Translated by Vladimir Nabokov
This reissue of Nabokovís famous 1964 translation includes his erudition plus a foreword by Brian Boyd, Nabokovís biographer. Boyd is supportive of Nabokovís rendering but nevertheless argues it will remain controversial. The controversy centres, it seems, on the decision to put clarity of meaning before poetic similarity. ďÖit is when the translator sets out to render the ďspiritĒ, and not the mere sense of the text, that he begins to traduce his author,Ē writes Nabokov. This version gives the sense, precise and straightforward. In doing so its implicit message is that the poetry is available only in the original. It is a goad to the lazy: if you want to know not only the story of Eugene Onegin and its many references and allusions, you will have to learn Russian.
The poem is preceded by a translatorís foreword, a brief EO Revisited, seven pages on the method of transliteration, the translatorís introduction which includes the detailed and helpful section on the structure of the poem, Pushkinís observations on the work, a brief publishing history, and a reference for the manuscripts. It is followed by seven pages of notes and the fragments of Oneginís journey. It is, therefore, a book for scholars and the putative ďgeneral readerĒ.
Pushkinís poem-novel is regarded as perhaps the greatest poetic work in Russian. Those who canít read it in the original will have to take other peopleís judgment. Yet the wide and deep reach of its influence rests on its themes and their exploration perhaps as much as its poetic supremacy. Like Don Quixote, Madame Bovary and Northanger Abbey, Eugene Onegin is partly about the influence of reading. Oneginís favourite books are The Giaour and Don Juan and a few novels which bring to life the fashionable man of his epoch. Nabokov believes Pushkin read Byron shortly before beginning work on Onegin. The Byronic hero is complex and has many antecedents, but early in the poem Onegin displays its world-weary cynicism. It could be argued that his rejection of Tatyana is a function of his self-centred, indulgent (today we might call it narcissistic) personality. His fate of loneliness and regret could, in the same way, be seen as the inevitable outcome of his posturing.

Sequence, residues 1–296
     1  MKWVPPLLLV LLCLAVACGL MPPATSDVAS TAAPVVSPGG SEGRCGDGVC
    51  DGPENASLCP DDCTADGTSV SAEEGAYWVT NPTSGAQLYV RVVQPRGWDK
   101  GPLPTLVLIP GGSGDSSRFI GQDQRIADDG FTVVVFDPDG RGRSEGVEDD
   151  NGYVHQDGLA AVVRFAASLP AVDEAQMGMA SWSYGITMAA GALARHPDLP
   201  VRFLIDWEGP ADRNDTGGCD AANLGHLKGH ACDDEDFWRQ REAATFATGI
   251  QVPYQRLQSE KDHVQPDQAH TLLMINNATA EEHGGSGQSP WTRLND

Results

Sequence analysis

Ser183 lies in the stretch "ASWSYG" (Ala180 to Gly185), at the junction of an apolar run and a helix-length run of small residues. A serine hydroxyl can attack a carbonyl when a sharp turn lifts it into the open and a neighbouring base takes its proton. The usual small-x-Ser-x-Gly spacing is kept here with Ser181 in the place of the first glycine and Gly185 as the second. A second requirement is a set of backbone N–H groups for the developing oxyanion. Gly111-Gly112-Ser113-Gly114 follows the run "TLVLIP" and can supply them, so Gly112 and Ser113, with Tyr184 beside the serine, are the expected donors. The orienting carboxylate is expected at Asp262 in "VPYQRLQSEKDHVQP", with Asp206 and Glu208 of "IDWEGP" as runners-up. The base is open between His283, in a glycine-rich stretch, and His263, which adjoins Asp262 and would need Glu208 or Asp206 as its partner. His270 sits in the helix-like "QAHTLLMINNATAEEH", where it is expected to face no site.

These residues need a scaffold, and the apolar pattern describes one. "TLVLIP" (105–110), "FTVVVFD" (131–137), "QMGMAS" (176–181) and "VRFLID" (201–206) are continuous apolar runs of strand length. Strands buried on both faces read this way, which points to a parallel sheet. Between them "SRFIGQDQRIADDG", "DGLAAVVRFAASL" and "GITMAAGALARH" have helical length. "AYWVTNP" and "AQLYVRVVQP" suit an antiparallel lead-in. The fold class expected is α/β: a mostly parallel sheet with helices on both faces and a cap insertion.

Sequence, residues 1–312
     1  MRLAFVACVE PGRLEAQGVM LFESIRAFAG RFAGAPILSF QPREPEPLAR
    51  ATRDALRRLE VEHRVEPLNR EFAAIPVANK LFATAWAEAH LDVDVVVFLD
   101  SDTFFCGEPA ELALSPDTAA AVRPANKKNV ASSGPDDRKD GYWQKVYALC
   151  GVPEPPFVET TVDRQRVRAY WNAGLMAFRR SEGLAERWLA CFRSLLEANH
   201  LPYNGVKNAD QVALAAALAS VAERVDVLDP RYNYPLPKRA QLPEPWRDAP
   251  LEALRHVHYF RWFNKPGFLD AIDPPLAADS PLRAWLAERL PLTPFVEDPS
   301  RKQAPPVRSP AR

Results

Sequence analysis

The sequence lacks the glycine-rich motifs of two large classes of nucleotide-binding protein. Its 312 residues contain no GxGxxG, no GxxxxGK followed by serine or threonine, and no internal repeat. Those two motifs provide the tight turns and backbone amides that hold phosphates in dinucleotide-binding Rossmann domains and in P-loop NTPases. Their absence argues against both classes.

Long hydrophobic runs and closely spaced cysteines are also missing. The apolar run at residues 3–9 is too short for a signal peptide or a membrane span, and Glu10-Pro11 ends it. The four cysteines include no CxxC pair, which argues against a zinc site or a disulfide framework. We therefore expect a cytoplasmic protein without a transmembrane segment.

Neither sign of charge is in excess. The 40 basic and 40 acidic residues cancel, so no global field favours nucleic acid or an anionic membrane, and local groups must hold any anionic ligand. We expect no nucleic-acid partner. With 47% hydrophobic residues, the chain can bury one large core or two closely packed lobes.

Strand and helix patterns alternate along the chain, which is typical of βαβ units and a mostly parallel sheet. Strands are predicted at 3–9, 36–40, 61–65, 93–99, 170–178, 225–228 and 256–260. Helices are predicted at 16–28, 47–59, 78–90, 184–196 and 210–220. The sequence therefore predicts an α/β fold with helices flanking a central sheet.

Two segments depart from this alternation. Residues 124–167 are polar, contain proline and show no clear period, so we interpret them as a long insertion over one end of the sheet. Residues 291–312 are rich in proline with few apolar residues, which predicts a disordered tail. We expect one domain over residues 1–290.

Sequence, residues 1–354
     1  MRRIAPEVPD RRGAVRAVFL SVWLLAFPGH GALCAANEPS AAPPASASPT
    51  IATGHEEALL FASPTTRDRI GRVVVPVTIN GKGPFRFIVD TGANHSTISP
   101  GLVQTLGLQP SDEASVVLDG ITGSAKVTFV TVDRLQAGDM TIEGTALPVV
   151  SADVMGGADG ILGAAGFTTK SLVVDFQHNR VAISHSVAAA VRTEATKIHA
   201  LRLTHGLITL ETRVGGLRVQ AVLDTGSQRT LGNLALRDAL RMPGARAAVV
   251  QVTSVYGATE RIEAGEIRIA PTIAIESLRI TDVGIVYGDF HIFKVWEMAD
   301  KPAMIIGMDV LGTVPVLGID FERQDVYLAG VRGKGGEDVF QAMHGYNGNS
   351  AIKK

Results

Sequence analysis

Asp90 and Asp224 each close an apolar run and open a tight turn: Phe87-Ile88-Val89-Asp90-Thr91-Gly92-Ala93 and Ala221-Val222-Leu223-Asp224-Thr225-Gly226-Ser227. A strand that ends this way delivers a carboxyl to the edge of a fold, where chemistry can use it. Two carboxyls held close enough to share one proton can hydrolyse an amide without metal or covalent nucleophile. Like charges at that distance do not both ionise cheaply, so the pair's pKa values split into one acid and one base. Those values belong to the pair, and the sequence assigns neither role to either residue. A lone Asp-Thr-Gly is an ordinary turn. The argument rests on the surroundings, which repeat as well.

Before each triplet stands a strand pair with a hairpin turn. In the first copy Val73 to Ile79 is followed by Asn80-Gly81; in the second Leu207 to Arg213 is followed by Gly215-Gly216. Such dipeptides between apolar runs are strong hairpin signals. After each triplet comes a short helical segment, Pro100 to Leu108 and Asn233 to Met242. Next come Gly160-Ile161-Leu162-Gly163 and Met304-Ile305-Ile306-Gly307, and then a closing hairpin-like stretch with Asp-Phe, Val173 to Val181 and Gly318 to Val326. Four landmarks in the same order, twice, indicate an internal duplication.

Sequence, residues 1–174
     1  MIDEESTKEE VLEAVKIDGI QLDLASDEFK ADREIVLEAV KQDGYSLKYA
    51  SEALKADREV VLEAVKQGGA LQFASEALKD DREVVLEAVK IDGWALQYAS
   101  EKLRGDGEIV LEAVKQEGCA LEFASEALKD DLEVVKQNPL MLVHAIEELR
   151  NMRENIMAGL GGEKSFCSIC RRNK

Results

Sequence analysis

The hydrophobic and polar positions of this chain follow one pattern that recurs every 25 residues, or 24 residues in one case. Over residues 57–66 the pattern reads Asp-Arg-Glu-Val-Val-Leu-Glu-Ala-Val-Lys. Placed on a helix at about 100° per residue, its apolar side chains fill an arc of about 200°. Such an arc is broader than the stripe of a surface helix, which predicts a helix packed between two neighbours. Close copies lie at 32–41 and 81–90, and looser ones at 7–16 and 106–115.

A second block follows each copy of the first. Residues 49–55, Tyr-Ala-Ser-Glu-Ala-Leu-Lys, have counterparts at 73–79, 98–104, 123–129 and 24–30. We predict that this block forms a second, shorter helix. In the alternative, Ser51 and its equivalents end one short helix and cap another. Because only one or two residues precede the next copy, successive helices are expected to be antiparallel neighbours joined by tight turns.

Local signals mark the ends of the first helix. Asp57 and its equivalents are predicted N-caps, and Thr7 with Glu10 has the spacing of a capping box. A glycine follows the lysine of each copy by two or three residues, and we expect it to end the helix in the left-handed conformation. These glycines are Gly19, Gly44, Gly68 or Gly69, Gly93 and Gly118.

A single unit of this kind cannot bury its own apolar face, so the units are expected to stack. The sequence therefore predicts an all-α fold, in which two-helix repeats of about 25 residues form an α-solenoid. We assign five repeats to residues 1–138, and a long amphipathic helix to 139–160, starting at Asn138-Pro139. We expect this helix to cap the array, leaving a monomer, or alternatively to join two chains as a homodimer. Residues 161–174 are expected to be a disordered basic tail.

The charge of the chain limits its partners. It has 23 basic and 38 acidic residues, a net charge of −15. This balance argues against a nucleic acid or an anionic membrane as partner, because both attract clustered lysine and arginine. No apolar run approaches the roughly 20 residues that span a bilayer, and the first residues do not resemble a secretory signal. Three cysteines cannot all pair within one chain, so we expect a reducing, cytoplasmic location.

The question of whether, beneath the posturing, there is any substantial sense of selfhood is central to the poem. Its fascination lies, to a degree, in its suggestion that selfhood is nothing more than a selection of assumed poses. Onegin is a substantially self-destructive character; does he put on this self-destructive persona because he knows it exerts fascination? Is it mere attention-seeking? Itís because we donít know that Oneginís character remains compelling.
Onegin, and the other principal characters, are, of course, victims of social convention. Onegin, like Pushkin himself, feels compelled to fight the duel which does him no good. Oneginís second, Zaretsky, fails in his duty to offer the chance of apology. Thus, slavery to convention and failure to meet its demands combine to produce tragedy. Though the conventions of early nineteenth century, upper-class Russian society are now outworn, the matter of how far to comply with convention, what it is, where is comes from, whether it should be resisted, remains interesting.
Eugene Onegin is, essentially, a simple love story. The story of love gone wrong is always sure to attract, because through our varying economic, political, social and cultural transformations the need to love and be love remains constant. Romantic love may be a set of passing conventions and the culture of the harem or the brothel may suggest that love is no more universal than Cossak dancing, but the need for close affectionate relations is probably as much a biological inheritance as language. It is because Onegin begins the story at odds with himself, rejects what could fulfil him and ends up more or less bereft that the story and its resonances continue to have traction. Flaubert was of the view that happiness is always close at hand if we have the modesty and insight to see it. His tragic heroine destroys her potential happiness by categorical agreement with social conventions and exorbitant expectations, It seems there is a permanent tendency to overreach ourselves which constantly violates our happiness. Whether this is the reason Pushkinís great work endures, is impossible to know. Whatís certain is that anyone with a keen interest in it will find here both an excellent translation and fine erudition.